Manager of Image Analytics
Roger served over 20 years with the NYPD, where he spearheaded the NYPD’s first dedicated facial recognition unit. The unit has conducted more than 8,500 facial recognition investigations, with over 3,000 possible matches and approximately 2,000 arrests. Roger’s enhancement techniques are now recognized worldwide and have changed law enforcement’s approach to the utilization of facial recognition technology.
By Charles Gary
In retrospect, last year’s sniper crisis is as much an anomaly as it is a brilliant case study, holding surprises that would have rattled the most veteran of public information officers PIOs. But while it is impossible to anticipate every media situation, a few guidelines do exist.
By David Spraggs
When violent crimes are committed in Boulder, they often involve UC students. One such crime was the brutal abduction and gang rape of a young woman that we'll call "Lisa."
By David Griffith
Cops are caught between a rock and a hard place on illegal immigration.
By Scott Smith
Just as clip-it folding knives have become an unofficial part of the duty uniform for the military, EMS, and law enforcement, so, too, have pocket tools.
By Devallis Rutledge
Obviously, no reasonable officer is going to risk his or her personal safety or the public safety in order to satisfy rules regulating the admissibility of evidence in a criminal trial, or even to avoid personal civil liability.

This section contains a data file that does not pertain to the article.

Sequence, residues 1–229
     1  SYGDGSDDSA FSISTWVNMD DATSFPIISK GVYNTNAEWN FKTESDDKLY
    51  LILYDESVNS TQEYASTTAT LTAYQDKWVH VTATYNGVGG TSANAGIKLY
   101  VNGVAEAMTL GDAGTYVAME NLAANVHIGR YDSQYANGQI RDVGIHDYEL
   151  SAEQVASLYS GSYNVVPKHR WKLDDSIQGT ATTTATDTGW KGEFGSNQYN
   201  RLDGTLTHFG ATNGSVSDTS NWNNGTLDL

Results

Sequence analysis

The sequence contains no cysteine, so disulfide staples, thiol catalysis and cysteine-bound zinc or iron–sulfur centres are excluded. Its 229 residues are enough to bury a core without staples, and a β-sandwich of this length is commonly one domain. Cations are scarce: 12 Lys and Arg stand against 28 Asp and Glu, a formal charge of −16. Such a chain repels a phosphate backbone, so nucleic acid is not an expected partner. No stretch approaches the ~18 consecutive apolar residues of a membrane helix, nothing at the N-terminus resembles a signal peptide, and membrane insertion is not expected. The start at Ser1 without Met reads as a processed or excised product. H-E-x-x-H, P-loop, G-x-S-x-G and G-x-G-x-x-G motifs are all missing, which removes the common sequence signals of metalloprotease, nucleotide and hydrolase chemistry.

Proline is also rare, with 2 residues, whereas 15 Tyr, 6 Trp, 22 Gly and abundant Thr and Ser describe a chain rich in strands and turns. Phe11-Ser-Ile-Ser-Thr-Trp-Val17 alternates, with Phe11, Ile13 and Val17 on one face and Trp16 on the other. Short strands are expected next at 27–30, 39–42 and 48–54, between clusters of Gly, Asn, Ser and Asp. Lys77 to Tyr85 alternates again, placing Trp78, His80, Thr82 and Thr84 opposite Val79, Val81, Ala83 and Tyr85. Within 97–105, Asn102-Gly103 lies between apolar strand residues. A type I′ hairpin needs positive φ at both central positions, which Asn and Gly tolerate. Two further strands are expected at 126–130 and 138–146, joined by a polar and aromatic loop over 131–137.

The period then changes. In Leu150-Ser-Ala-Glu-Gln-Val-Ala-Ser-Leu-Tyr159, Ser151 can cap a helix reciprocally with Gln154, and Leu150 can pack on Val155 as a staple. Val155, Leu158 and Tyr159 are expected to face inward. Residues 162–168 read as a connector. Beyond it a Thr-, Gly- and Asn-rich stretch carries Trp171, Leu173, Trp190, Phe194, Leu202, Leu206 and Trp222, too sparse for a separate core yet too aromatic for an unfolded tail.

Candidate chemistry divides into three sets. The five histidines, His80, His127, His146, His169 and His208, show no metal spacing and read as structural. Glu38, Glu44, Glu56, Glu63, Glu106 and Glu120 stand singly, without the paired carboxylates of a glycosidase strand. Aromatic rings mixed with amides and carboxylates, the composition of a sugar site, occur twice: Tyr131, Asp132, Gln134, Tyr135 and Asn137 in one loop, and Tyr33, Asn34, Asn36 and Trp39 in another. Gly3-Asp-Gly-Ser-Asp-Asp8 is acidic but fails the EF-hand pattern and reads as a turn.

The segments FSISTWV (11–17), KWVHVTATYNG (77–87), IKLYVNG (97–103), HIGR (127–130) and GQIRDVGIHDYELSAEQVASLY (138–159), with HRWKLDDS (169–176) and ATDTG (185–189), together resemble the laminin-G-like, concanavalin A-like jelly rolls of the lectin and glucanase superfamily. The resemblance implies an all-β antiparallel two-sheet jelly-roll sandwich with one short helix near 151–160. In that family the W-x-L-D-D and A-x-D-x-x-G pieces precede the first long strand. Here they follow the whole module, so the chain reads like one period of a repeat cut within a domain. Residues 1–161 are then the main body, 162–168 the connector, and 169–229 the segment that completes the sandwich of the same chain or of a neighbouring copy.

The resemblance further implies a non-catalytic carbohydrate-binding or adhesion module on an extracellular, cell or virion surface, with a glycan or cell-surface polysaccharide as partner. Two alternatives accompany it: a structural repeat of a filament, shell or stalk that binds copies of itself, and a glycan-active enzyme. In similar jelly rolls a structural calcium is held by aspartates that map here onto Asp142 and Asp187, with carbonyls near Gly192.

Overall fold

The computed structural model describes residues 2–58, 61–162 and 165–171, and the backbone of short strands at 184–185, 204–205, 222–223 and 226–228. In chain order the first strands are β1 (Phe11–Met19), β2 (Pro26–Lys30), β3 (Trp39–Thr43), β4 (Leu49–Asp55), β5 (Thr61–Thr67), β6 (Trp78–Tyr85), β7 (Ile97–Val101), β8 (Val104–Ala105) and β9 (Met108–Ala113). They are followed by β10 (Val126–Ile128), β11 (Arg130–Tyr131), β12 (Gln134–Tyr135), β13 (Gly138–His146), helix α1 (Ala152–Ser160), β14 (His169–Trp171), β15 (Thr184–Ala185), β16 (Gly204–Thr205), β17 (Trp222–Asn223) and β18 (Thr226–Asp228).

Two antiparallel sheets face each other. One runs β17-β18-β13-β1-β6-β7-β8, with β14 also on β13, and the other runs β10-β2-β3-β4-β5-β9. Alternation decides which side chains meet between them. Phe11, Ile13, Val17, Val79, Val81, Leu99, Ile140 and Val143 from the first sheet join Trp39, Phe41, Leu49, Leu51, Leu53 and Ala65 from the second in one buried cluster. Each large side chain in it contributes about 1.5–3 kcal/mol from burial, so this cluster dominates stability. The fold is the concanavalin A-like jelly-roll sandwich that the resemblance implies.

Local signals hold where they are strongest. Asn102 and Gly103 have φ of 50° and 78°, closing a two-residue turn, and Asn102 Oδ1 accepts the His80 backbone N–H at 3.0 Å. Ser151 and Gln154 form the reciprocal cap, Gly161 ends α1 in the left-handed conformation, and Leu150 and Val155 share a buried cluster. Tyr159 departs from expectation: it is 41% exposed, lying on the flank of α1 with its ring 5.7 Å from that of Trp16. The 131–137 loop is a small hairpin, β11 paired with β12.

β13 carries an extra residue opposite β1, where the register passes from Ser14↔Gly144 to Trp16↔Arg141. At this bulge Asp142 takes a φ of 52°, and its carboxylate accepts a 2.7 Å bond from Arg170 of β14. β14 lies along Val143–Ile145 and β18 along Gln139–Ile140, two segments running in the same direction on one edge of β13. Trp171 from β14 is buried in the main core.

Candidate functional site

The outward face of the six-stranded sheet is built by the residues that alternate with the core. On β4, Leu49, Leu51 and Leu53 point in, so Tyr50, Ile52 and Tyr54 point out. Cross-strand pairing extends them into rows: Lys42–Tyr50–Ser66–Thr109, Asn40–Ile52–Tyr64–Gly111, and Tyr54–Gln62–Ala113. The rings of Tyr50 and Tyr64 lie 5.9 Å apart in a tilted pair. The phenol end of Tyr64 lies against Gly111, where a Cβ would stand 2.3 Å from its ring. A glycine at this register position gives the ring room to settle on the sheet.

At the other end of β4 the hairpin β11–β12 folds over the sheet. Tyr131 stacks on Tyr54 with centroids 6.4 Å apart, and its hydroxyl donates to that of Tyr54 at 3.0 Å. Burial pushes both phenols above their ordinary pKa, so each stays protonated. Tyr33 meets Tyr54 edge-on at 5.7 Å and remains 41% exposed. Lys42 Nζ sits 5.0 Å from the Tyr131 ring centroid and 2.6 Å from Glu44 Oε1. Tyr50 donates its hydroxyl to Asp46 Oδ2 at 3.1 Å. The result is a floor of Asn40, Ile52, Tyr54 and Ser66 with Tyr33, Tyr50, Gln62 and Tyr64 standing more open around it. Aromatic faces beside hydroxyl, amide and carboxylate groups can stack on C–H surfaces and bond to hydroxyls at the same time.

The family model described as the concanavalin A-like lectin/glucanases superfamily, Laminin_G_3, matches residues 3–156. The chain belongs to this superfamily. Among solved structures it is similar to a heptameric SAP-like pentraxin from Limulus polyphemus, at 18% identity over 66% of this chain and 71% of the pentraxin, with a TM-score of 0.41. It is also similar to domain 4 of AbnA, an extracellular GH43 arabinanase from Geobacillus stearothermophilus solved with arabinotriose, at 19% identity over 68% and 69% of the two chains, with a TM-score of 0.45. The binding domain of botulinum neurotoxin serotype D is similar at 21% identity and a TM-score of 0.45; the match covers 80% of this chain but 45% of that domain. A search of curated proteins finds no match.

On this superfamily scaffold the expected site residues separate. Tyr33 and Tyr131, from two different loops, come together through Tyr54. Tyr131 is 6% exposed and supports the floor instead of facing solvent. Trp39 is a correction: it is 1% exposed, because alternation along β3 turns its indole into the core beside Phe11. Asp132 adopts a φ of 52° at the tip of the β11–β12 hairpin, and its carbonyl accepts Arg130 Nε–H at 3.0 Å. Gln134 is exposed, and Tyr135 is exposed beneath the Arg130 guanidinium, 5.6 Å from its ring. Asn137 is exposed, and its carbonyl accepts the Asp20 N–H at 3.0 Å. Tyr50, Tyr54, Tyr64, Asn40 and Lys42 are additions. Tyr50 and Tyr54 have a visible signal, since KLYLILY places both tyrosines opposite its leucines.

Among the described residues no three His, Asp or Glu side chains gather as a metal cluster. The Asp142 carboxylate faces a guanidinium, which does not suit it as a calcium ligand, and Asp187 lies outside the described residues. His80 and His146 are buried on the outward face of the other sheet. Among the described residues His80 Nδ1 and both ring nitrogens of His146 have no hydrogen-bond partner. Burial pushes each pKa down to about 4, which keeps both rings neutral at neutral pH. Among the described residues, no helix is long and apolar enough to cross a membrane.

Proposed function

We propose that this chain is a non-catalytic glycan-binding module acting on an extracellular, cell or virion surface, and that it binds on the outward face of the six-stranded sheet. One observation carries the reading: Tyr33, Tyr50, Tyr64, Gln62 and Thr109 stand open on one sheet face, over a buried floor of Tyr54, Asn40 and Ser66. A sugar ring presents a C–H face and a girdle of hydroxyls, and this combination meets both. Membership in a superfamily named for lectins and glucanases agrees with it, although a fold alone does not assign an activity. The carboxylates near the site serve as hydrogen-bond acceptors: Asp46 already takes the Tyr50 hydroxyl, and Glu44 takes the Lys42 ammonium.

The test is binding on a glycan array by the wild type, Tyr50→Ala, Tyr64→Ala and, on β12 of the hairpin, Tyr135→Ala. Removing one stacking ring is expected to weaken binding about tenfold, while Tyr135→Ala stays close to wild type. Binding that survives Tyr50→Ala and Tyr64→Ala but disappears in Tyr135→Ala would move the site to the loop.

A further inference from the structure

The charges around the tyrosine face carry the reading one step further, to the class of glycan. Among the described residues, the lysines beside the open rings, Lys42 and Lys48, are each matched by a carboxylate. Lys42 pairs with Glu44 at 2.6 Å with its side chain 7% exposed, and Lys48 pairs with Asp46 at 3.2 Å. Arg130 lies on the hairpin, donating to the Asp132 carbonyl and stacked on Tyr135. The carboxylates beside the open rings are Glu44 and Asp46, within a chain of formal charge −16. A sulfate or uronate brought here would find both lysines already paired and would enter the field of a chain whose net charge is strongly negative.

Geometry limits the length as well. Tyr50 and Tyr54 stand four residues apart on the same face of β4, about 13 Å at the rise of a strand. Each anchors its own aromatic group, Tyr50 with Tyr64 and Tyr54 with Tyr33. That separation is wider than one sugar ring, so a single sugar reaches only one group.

By John Mackenzie
Sometimes you have to stand up for what you believe in.
By Dave Douglas
If someone had told me then that Captain Gadget was laying the foundation for the future of police work, I would have pointed and laughed and probably choked on my donut. But now I have to admit that he was.
By Melanie Basich
Available in a wide range of sizes, prisoner transport vehicles can carry anywhere from one to more than 60 passengers.
By Jo'el Roth
The new system will eventually allow officers out in the field to immediately view color images, such as mug shots and fingerprints. They will also be able to work on their laptop computers outside of their cars and then connect them back into the cars as needed.
By Albert Neal
You start to think to yourself, "How could this shift get any worse?" And the heavens answer with a torrent of rain. But you can't seek shelter. You've got a job to do.